Sonos Inc. Chief Executive Officer Patrick Spence accused Alphabet Inc.’s Google and Amazon.com Inc. of using their market power to thwart competition a week after filing a lawsuit against the world’s largest search engine.
“Today’s dominant companies have so much power across such a broad array of markets and continue to leverage that power to expand into new markets that we need to rethink existing laws and policies,” said Spence Friday at a congressional antitrust hearing in Boulder, Colo., led by Rep. David Cicilline, the Rhode Island Democrat who is investigating competition in the technology sector.
Sonos, a 1,500-person company, sued Google on Jan. 7 for allegedly infringing five patents covering multi-room audio technology. Spence said Google’s dominance enabled it to violate the speaker company’s intellectual property. He said that Google tries to prevent customers from using its voice assistants alongside another company’s on Sonos speakers. While Amazon doesn’t go that far, he said, it has used its power to “to subsidize the conquest” of the booming smart-speaker market, particularly by under-pricing its offerings.
Sonos has worked with the committee since before it decided to file the lawsuit, according to a person familiar with the discussions. It has also responded to questions that the committee sent to customers of the large technology platforms.
Google has disputed Sonos’ claims and said it will defend itself. The search giant, which faces antitrust probes by 48 state attorneys general as well as the U.S. Justice Department, says it faces robust competition.
Cicilline is using the hearing to air grievances by smaller companies, following a series of Washington meetings that focused on the tech giants.
“It is apparent that the dominant platforms are increasingly using their gatekeeper power in abusive and coercive ways,” Cicilline said in his opening statement.
The panel also heard from David Barnett, the founder of Boulder, Colo.-based PopSockets, which makes phone holders and stands. He alleged that Amazon frequently engaged in “bullying,” including deliberately selling counterfeits, threatening to go to unauthorized resellers and dropping prices without consulting.
“We have $10 million less to innovate this year” because of PopSockets’s decision to end its relationship with Amazon even though it’s more difficult to sell elsewhere, Barnett said.
“It seems like Amazon is so dominant that there is no alternative,” said Rep. Ken Buck, a Colorado Republican on the committee.
Amazon said in a statement that PopSockets is a “valued retail vendor” and added: “We’ve continued to work with PopSockets to address our shared concerns about counterfeit, and continue to have a relationship with PopSockets through Merch by Amazon, which enables other sellers to create customized PopSockets for sale.”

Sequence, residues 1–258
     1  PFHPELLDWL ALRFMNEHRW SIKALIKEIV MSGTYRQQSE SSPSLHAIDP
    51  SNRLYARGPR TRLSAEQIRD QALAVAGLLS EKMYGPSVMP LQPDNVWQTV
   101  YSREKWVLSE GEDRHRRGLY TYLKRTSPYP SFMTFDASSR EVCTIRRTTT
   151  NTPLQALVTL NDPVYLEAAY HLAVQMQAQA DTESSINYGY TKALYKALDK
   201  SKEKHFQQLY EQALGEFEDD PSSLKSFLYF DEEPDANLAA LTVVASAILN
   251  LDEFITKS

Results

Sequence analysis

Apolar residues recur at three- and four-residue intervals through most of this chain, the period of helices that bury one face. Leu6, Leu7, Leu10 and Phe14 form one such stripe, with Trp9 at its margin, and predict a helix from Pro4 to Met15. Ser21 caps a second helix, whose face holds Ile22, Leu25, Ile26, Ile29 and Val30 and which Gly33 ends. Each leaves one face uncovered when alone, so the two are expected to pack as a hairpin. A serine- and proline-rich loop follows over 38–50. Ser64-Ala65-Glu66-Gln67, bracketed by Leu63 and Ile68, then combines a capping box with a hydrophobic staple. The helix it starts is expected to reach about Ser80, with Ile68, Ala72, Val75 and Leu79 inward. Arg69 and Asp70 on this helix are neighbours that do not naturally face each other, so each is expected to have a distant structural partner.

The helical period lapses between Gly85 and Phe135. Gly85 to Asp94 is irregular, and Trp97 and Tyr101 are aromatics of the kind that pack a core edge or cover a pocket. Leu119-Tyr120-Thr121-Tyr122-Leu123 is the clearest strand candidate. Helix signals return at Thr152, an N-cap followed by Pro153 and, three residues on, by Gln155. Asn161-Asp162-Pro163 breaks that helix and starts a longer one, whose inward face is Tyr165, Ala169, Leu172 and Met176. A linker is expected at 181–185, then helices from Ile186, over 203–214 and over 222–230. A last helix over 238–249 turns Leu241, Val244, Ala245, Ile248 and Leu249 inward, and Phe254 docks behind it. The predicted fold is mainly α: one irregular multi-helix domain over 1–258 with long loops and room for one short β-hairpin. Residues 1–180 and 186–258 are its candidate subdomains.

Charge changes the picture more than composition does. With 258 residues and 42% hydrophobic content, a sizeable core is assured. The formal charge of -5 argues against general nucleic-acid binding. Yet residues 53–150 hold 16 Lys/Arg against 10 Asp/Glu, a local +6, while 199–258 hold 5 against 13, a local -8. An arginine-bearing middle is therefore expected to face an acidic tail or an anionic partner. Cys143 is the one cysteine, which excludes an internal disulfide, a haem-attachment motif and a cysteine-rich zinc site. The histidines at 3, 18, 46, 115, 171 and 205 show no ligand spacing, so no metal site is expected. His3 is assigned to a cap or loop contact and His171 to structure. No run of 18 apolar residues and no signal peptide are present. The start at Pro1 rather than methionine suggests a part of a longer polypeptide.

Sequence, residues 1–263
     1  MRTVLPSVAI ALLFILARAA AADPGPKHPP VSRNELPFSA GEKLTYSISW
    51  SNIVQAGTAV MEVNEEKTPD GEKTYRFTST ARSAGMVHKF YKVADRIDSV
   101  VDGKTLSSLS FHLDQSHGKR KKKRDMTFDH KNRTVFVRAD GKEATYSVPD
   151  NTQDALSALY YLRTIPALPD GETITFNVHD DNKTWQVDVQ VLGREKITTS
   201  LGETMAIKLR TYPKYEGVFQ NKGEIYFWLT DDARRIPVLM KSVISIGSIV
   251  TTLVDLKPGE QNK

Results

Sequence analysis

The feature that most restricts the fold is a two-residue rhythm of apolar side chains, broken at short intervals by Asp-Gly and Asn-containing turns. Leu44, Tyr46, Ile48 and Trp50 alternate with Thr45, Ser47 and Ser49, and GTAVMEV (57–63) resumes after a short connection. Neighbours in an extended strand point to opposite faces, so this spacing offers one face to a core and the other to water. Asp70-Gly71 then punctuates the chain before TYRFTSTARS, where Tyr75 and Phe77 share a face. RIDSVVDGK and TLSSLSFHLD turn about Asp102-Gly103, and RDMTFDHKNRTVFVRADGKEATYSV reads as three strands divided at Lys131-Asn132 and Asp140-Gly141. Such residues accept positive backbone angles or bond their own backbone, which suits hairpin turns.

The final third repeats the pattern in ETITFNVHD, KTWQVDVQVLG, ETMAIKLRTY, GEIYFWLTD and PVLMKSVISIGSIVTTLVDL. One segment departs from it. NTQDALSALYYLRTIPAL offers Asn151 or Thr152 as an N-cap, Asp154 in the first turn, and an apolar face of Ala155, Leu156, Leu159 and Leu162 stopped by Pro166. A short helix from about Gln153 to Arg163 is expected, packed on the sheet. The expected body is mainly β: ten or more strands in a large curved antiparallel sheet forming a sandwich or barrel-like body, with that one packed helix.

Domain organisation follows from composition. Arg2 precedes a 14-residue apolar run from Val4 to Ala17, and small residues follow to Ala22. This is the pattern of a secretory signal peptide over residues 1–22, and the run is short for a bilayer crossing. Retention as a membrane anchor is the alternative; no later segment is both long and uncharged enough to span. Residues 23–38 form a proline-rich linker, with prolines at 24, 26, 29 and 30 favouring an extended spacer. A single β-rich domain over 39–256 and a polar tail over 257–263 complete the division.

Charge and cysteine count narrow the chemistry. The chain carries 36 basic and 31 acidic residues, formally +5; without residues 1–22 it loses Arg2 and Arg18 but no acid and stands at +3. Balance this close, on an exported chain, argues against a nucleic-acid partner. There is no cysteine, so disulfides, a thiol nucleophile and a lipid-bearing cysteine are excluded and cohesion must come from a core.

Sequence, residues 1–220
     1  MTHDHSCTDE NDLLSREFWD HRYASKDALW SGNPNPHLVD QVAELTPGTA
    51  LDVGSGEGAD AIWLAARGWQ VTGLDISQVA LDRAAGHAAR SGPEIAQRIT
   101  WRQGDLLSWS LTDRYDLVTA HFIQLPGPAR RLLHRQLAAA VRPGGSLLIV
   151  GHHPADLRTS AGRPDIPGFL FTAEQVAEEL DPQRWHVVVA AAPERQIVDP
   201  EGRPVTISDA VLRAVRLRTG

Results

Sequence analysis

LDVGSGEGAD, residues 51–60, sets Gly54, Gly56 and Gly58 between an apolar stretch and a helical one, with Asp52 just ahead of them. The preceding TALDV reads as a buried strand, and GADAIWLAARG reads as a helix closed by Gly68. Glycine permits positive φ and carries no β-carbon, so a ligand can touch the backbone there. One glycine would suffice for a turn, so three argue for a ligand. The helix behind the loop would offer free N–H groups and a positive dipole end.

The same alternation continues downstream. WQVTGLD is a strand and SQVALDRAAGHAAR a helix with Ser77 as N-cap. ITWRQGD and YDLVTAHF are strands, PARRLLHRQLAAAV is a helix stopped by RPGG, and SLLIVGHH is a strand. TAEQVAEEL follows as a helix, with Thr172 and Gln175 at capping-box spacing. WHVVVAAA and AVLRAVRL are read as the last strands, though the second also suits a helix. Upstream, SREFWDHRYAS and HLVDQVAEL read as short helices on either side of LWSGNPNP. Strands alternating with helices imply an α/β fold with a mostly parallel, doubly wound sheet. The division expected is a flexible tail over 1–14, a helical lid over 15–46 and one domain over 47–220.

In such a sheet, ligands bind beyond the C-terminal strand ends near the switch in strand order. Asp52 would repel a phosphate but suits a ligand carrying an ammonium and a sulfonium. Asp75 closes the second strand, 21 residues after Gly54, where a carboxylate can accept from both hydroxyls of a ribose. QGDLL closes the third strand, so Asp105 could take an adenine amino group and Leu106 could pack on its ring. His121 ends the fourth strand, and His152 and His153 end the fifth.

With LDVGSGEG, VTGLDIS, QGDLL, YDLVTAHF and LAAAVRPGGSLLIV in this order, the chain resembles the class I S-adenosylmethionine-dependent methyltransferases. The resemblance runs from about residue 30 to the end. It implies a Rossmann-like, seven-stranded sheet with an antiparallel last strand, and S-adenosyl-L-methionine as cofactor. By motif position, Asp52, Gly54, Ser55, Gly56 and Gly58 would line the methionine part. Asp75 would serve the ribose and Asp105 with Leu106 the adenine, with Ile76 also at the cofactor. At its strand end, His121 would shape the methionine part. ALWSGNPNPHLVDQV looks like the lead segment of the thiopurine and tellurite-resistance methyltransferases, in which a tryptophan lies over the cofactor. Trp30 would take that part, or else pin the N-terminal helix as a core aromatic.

The company said it refuses to work with some resellers to ensure low prices, and rejects the notion that it’s dominant, saying it represents just 4% of U.S. retail.
The panel also heard from Kirsten Daru, general counsel of Tile Inc., which makes devices that pair with phones to help people locate lost items such as keys or purses. Apple is reportedly preparing to unveil a competing service, and Daru’s 100-employee company alleges the phone maker has started putting up roadblocks to Tile’s business, such as burying permissions that allow the phone and Tile devices to communicate and prompting users to disable permissions that have been set.
“You’re playing up against a team that owns the field, the ball, and can change the rules at any given time,” Daru said in an interview before the hearing, adding that a majority of the company’s customers are on Apple’s operating system.
Daru said Apple also removed Tile devices from its retail stores and that it bid on search terms related to the would-be rival to drive up the cost of advertising 50% each week during the fall.
Cicilline has said his goal is to develop a final report with recommendations for Congress this year. He told reporters Tuesday that he wants to wrap up his probe by the end of March and said he’s hopeful the tech giants will cooperate with requests for chief executives to give information without subpoenas, preferably in public hearings.
“It’s hard to imagine that we’d conclude the investigation without hearing from some of the large technology CEOs, particularly in companies whether there’s such really centralized decision making,” he said.